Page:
The case involving Wirecard’s massive fraud and embezzlement scheme continues to find more executives drop. The FinTech company was once linked closely to the gambling industry and its former CEO now officially faces charges for helping destroy the company.
A few years ago, it wasn’t possible to discuss the FinTech space or gaming payments activity without Wirecard’s name coming up. The Germany-based company skyrocketed to the top after it launched in 1999. On paper, it was worth billions of dollars. In reality, however, it wasn’t worth nearly as much.
After the true nature of the company’s status emerged, a trail of deceit, fraud and embezzlement appeared. German prosecutors are now officially going after one of the main culprits behind the activity, former Wirecard CEO Markus Braun.
Charges for Thieving CEO
The case against Braun and several cohorts has been years in the making. It took prosecutors 474 pages to lay out everything in an indictment that he and the others did wrong, according to media outlet Digital Journal. But, in the end, prosecutors felt they had put together enough evidence to charge Braun and two others.
Braun faces multiple charges of fraud, market manipulation and embezzlement “on a commercial scale.” Along with him, chief accountant Stephan von Erffa and Oliver Bellenhaus, who previously led the company’s Dubai office, face similar charges.
All three are facing prison if a court finds them guilty. Among other accusations, the trio facilitated the cooking of Wirecard’s books for three years, showing revenue from associated businesses that didn’t exist.
Braun, who has been locked up for two years, claims he’s innocent. He says he’s the real victim and that he is now destitute because of the debacle. However, previous investigations pointed to the possibility that he shifted assets to the control of others, such as his wife and sister, so they couldn’t be seized.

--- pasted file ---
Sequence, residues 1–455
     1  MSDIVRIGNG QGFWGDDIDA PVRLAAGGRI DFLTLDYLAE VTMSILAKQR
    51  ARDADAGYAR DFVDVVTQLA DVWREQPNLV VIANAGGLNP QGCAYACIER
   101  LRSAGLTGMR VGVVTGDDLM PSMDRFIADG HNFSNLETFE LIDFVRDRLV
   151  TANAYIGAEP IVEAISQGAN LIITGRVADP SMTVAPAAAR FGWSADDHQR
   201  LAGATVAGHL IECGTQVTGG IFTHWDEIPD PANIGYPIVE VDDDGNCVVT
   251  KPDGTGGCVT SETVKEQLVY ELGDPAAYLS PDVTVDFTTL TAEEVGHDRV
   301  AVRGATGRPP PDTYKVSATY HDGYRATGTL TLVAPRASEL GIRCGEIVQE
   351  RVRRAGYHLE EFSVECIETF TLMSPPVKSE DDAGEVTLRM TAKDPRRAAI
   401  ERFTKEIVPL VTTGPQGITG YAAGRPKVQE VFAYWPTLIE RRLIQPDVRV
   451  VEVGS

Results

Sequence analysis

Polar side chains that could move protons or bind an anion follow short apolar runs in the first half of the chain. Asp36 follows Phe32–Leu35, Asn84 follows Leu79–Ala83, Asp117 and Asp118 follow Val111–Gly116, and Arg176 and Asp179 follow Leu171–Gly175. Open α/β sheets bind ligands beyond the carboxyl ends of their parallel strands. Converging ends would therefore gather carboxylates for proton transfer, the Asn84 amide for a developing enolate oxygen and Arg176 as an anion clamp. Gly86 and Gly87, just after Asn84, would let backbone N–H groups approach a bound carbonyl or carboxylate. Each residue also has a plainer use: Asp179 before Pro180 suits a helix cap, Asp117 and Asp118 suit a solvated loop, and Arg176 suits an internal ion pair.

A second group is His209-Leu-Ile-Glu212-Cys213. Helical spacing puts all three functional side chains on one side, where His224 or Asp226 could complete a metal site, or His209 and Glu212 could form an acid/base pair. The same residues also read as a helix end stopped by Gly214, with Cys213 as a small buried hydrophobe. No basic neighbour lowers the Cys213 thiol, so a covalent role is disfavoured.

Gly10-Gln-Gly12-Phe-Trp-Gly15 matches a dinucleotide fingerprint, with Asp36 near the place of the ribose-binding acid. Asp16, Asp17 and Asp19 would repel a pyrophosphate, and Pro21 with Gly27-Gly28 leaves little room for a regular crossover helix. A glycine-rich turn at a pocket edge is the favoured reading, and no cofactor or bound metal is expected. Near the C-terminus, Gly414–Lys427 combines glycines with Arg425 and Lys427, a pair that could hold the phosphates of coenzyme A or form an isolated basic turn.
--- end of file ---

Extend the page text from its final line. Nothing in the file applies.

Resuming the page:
A Company Built on Fraud
In its prime, Wirecard had a valuation of around €23 billion (US$25.3 billion). The company had its start in serving the gambling and porn ecosystems and ultimately became a leader in the payments space. However, things began to fall apart in 2019.
It was then that the Financial Times uncovered certain financial irregularities coming out of the company’s Asian branch. The next year, an audit by Ernst & Young determined that €1.9 billion (US$2.1 billion) that appeared on the balance sheet was missing.
In reality, the money never existed. Braun and several others had done a great job of covering their tracks as they swindled investors, partners and clients. The man who led the Asian operations, Jan Marsalek, is still on the lam.
Reports have shown that Wirecard singlehandedly destroyed a financial bubble that included a number of companies. Some of these were banks, which had extended credit to the FinTech. Around €1.7 billion (US$1.87 billion) was written off as a result of Wirecard’s illicit activity.
The company had also sold over €1.4 billion (US$1.54 billion) in bonds. Like the other money and Marsalek, it might never reappear.
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